[rspec-users] it "should [action] ..." vs it with an active voice

David Chelimsky dchelimsky at gmail.com
Tue Nov 13 00:00:58 EST 2007


On Nov 12, 2007 10:47 PM, Pat Maddox <pergesu at gmail.com> wrote:
>
> On Nov 12, 2007 7:12 PM, David Chelimsky <dchelimsky at gmail.com> wrote:
> > On Nov 12, 2007 9:03 PM, Pat Maddox <pergesu at gmail.com> wrote:
> > >
> > > On 11/12/07, David Chelimsky <dchelimsky at gmail.com> wrote:
> > > > On Nov 12, 2007 8:09 PM, Pat Maddox <pergesu at gmail.com> wrote:
> > > > > The difference is that the story is an authoritative
> > > > > spec of how the system should behave, and the description has no
> > > > > authority at all.
> > > >
> > > > I don't have that sense at all. Where do you get that from?
> > >
> > > >From the belief that the customer is the ultimate authority on what it
> > > means for the system to behave acceptably, and the fact that stories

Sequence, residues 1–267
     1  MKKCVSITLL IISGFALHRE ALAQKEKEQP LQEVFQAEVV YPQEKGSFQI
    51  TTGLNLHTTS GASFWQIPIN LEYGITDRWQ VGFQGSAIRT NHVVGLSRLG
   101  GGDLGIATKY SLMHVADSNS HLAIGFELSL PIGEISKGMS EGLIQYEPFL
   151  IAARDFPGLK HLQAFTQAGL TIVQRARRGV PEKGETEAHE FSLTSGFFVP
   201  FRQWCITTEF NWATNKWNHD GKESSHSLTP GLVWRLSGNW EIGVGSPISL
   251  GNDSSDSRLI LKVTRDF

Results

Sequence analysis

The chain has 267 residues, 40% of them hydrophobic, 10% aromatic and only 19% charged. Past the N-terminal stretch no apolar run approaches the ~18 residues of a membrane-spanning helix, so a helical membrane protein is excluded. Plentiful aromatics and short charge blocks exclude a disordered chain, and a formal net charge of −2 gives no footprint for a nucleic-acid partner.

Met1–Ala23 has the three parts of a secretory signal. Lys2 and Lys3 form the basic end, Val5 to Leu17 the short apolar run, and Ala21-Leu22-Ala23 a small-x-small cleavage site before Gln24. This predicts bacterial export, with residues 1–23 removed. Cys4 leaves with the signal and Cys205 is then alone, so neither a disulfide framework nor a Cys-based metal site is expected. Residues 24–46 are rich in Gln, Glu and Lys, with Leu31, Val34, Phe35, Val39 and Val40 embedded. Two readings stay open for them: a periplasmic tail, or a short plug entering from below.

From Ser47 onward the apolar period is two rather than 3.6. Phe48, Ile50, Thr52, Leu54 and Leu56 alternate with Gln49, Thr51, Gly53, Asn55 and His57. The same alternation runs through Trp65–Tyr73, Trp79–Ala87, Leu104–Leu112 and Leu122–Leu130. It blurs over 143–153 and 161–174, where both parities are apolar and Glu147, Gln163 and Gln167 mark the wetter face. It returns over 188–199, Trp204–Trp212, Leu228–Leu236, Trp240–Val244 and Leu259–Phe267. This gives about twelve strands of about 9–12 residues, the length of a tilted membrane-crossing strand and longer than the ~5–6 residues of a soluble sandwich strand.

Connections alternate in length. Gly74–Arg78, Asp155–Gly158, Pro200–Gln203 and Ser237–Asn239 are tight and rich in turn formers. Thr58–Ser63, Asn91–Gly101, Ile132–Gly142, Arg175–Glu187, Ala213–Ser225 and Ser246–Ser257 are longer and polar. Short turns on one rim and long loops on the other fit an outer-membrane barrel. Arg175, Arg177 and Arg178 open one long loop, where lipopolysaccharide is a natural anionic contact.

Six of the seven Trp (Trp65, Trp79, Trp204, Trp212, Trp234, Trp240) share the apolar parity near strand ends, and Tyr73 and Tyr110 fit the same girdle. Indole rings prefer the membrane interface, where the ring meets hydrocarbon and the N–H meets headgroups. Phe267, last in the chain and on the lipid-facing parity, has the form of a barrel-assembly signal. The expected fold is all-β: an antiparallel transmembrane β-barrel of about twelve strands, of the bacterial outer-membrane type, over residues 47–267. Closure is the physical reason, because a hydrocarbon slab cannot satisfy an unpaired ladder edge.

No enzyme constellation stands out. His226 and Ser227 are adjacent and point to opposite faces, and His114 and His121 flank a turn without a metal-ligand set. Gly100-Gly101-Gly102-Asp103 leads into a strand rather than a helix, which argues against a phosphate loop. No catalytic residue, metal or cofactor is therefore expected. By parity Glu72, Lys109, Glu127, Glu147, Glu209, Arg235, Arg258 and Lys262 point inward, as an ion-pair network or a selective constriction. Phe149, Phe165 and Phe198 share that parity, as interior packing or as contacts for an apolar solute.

> > > are customer-facing and specs are developer-facing.
> >
> > I totally agree that the customer is the authority - however, the
> > customer has just as much right to change her mind about a story as I
> > do about a spec! So why should stories be any more locked down than
> > specs?
>
> Stories represent a bridge between the customer's and the developer's
> minds, a snapshot of the shared understanding at a given point in
> time.  They do not obviate the need for customer-developer
> communication.  A customer should be able to change her stories as
> much as she wants, but all but the very simplest changes ought to spur
> a discussion and reevaluation of assumptions.

We are in violent agreement!

But, as irony would have it, this agreement seems to lead us to
different conclusions. My thinking is that "should" actually works
well in stories for all the same reasons it works well in specs. You
seem to take that in a different direction, no?


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